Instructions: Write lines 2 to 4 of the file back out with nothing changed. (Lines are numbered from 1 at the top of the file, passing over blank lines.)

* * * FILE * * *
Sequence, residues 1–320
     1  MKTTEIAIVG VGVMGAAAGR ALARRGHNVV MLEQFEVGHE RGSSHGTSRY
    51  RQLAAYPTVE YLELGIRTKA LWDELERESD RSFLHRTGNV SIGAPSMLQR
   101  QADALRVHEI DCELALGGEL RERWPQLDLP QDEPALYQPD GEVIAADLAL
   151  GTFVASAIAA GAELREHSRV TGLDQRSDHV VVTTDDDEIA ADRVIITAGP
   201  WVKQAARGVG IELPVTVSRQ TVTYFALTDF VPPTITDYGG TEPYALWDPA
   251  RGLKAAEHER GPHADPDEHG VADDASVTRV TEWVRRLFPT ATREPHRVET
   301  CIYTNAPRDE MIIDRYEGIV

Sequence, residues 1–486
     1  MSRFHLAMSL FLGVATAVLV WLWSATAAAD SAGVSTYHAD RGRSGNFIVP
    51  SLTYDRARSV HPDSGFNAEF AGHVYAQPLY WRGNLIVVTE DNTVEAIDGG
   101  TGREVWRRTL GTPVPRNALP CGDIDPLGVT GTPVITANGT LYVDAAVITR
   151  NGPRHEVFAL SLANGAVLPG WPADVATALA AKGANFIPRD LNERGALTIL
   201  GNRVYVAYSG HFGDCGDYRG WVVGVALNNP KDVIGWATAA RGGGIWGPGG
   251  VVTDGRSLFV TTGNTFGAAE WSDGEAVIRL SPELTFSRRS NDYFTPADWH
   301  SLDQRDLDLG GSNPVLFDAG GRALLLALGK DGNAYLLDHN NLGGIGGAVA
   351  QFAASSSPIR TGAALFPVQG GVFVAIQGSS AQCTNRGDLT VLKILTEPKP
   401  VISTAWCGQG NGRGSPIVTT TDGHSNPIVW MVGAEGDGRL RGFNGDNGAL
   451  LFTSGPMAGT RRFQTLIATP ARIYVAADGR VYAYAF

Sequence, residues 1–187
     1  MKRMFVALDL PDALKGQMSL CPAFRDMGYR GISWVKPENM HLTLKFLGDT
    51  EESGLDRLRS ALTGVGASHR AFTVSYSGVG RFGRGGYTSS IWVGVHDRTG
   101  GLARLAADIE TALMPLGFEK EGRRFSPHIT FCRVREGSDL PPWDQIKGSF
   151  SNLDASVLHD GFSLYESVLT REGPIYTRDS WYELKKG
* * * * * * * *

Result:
     1  MKTTEIAIVG VGVMGAAAGR ALARRGHNVV MLEQFEVGHE RGSSHGTSRY
    51  RQLAAYPTVE YLELGIRTKA LWDELERESD RSFLHRTGNV SIGAPSMLQR
   101  QADALRVHEI DCELALGGEL RERWPQLDLP QDEPALYQPD GEVIAADLAL